Wednesday, May 10, 2006

A Soldier's Letter for Mother's Day

By: L.A. Kohl
May 6, 2006
(published in the May 10, 2006 edition of "The Bullseye")
I gained permission to use the following letter, written for Mother’s Day last year by Sgt. Jerod Hall. He was a 26 year old soldier in my extended family, serving in the United States Army. I say “was”, because he was found dead in his barracks at Ft. Campbell, KY last month, after having recently returned from a tour of duty in Iraq. They still do not know the cause of his death, although they did determine there was no foul play or violence involved.

Without sounding too “morbid” during such a wonderful time of year – I thought perhaps this simple letter could be an inspiration to someone out there. Perhaps you think you’re not the “expressive” type. Perhaps you think your mother already knows that you love her, so why should you make a big, mushy deal about it?

Jerod’s case is a very good example why – simply because you never know when today may be your last opportunity to tell someone how much you love them. You don’t have to use big, expressive words, or come up with some cute, rhyming verse. Speak or write simply from your heart and a loved one will consider it a masterpiece. There’s not a doubt in my mind that Jerod’s mother will consider this letter a priceless treasure for the rest of her life.

See if perhaps it inspires you to do something this Mother’s Day to express your love and appreciation for a very special woman in your life.

After hours of pain endured while bringing me into this world, you loved me.
During my toddler years when you wished there was such a thing as a "child leash", you loved me.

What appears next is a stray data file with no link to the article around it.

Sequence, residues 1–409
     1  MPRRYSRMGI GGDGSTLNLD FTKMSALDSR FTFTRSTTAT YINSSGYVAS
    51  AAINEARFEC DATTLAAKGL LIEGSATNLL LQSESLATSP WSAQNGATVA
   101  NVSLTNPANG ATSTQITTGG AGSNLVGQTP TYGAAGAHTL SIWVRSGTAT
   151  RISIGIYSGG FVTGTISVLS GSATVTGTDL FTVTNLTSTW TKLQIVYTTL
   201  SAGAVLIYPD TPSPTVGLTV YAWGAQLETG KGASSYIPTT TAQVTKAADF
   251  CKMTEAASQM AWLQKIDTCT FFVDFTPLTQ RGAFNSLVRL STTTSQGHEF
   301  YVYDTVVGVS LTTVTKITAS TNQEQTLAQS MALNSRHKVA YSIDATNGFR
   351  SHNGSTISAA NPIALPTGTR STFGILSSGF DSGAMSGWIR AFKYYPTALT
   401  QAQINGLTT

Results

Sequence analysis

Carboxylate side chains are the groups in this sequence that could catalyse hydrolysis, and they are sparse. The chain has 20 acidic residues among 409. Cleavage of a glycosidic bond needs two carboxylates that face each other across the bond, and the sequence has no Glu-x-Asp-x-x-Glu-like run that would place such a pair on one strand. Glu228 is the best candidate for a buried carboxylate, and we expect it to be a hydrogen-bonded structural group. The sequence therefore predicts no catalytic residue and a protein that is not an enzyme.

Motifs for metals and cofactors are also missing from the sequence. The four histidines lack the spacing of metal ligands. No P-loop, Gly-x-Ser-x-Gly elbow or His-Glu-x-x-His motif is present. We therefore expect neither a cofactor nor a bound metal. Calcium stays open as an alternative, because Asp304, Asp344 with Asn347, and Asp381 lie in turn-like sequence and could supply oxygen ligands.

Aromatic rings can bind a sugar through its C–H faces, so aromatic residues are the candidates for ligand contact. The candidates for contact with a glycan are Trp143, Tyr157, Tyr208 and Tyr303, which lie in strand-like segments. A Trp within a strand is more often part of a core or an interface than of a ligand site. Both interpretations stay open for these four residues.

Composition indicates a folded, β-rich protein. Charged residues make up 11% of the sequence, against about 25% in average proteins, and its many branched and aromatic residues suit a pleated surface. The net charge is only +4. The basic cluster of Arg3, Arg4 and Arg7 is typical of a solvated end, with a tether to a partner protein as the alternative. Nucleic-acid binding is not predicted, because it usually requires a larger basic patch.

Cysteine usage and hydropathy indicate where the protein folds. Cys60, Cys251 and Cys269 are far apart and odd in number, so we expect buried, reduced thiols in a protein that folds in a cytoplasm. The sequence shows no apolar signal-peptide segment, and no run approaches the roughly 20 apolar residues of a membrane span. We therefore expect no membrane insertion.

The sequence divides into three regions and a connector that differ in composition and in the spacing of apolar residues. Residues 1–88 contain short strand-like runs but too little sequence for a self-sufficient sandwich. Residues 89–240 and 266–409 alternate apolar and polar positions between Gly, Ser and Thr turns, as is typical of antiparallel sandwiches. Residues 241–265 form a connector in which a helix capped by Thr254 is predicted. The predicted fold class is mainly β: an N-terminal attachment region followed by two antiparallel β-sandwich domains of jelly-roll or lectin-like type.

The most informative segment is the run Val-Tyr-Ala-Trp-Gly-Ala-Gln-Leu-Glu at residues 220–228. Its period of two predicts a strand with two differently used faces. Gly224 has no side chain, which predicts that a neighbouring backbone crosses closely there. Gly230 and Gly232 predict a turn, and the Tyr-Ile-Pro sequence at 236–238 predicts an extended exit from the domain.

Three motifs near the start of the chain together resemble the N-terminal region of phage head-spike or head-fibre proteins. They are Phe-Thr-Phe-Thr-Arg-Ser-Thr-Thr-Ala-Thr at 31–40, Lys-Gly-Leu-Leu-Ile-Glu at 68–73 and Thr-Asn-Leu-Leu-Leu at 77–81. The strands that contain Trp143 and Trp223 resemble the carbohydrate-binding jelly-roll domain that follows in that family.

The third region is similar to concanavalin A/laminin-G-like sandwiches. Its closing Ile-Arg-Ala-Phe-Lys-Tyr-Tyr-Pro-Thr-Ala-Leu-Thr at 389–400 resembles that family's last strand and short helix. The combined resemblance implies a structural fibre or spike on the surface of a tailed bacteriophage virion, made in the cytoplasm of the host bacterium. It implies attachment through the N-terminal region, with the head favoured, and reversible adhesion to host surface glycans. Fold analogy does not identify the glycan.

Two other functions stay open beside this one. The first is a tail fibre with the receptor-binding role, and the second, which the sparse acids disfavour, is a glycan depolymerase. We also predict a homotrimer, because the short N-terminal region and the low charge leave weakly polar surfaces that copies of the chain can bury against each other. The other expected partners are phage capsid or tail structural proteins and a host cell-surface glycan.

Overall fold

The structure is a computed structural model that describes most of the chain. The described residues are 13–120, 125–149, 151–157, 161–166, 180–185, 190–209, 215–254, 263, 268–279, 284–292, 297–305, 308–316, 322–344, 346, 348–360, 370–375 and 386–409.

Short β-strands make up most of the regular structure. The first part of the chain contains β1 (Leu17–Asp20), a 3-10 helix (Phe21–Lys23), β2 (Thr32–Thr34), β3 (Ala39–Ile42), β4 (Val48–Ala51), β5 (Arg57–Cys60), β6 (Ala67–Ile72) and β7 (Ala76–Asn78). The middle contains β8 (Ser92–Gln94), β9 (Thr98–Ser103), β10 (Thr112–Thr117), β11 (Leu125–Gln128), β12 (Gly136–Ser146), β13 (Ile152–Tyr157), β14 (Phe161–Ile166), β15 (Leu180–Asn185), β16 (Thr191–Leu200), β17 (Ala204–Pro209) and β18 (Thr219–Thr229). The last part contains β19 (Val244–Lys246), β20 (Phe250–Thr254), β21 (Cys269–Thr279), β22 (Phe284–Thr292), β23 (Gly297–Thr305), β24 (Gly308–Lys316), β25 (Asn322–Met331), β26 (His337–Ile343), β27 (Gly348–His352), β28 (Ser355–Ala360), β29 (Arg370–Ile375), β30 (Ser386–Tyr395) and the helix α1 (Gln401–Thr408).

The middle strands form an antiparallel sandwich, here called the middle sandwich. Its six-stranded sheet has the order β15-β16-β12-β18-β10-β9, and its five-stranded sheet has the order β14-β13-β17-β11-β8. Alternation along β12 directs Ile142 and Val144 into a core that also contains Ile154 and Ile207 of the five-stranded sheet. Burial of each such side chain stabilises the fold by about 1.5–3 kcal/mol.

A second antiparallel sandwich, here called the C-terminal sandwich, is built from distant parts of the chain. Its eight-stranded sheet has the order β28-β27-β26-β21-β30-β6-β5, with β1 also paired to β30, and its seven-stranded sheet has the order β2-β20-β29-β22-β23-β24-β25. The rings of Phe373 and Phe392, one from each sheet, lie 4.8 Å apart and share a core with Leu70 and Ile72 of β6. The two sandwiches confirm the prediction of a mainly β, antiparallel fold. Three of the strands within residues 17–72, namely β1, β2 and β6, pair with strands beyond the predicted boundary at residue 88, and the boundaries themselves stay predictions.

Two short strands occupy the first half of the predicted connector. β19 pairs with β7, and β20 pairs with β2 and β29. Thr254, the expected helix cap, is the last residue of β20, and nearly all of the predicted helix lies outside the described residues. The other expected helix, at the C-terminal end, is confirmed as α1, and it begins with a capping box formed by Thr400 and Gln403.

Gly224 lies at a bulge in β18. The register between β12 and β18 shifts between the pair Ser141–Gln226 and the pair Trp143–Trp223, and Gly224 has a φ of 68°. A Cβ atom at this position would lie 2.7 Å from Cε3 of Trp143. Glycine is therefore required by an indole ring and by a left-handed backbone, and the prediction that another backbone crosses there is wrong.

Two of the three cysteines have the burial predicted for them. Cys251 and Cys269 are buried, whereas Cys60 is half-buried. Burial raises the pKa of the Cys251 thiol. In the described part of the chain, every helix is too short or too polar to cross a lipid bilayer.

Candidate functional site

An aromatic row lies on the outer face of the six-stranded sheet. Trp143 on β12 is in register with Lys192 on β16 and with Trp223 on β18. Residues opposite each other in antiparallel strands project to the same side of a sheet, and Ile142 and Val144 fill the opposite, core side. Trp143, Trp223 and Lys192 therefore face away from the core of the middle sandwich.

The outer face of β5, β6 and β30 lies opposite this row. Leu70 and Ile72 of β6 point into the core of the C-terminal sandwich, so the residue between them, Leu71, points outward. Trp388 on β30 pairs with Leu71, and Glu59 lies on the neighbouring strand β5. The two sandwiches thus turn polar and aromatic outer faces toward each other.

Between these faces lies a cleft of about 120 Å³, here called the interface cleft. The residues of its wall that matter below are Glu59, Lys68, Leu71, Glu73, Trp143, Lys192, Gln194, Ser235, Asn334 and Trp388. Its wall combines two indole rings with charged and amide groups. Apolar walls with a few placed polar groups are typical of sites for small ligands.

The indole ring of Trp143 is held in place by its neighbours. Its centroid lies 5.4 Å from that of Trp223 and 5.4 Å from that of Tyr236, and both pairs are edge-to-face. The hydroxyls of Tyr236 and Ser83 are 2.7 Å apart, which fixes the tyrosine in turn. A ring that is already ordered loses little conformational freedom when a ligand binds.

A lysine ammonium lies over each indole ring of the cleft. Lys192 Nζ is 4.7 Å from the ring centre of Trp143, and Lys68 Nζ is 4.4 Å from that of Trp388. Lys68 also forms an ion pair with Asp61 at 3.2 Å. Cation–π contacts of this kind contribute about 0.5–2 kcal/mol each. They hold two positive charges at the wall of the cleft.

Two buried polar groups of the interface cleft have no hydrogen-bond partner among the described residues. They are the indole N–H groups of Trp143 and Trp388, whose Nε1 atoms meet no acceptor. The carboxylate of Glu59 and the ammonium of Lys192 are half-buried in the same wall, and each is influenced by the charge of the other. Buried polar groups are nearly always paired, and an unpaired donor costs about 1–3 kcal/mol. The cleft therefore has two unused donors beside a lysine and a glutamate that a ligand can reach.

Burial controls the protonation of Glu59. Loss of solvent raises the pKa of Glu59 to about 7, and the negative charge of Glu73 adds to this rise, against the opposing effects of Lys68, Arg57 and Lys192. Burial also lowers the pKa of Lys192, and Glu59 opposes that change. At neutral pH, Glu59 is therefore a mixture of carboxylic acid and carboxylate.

While I was growing up and hit you with a non-stop barrage of questions about the way things are, you loved me.
When I was a teenager and pushed and bent all of the rules as far as they could go, you loved me.
When I was unable to finish college because I could not afford it and had to move back home, you loved me.
When I decided to work in the mines, even though they are dangerous, you worried, but you loved me.
When I decided to move away and devote my life to my country, you worried even more, but you loved me.
As I prepare to go back to a part of the world that is full of danger and strife to help give those a chance at a life that I sometimes take for granted, you still love me.
You taught me good values and gave me a strong foundation to build my life on. You never judged me and only showed me love and respect. For all of these reasons and more, I know that I have the greatest Mom in the world. Even if I do not show it all the time, I love you with all of my heart. Thank you for being MY Mom.
Jerod Austin

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